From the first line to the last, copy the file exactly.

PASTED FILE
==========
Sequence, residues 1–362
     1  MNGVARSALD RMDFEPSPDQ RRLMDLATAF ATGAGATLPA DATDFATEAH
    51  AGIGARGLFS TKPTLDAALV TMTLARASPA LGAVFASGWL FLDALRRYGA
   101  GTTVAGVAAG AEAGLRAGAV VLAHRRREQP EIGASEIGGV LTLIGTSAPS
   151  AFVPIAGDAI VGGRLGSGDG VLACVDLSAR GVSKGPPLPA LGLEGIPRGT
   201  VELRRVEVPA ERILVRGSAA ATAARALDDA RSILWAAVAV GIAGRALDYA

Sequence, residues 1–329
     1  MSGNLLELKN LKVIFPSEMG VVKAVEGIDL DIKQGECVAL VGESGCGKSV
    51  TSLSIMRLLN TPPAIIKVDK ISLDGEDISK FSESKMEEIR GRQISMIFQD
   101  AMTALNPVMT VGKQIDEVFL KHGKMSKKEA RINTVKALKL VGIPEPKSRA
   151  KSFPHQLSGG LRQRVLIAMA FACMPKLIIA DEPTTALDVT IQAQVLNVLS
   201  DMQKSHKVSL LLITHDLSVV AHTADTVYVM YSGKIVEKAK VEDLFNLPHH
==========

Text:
Sequence, residues 1–362
     1  MNGVARSALD RMDFEPSPDQ RRLMDLATAF ATGAGATLPA DATDFATEAH
    51  AGIGARGLFS TKPTLDAALV TMTLARASPA LGAVFASGWL FLDALRRYGA
   101  GTTVAGVAAG AEAGLRAGAV VLAHRRREQP EIGASEIGGV LTLIGTSAPS
   151  AFVPIAGDAI VGGRLGSGDG VLACVDLSAR GVSKGPPLPA LGLEGIPRGT
   201  VELRRVEVPA ERILVRGSAA ATAARALDDA RSILWAAVAV GIAGRALDYA

Sequence, residues 1–329
     1  MSGNLLELKN LKVIFPSEMG VVKAVEGIDL DIKQGECVAL VGESGCGKSV
    51  TSLSIMRLLN TPPAIIKVDK ISLDGEDISK FSESKMEEIR GRQISMIFQD
   101  AMTALNPVMT VGKQIDEVFL KHGKMSKKEA RINTVKALKL VGIPEPKSRA
   151  KSFPHQLSGG LRQRVLIAMA FACMPKLIIA DEPTTALDVT IQAQVLNVLS
   201  DMQKSHKVSL LLITHDLSVV AHTADTVYVM YSGKIVEKAK VEDLFNLPHH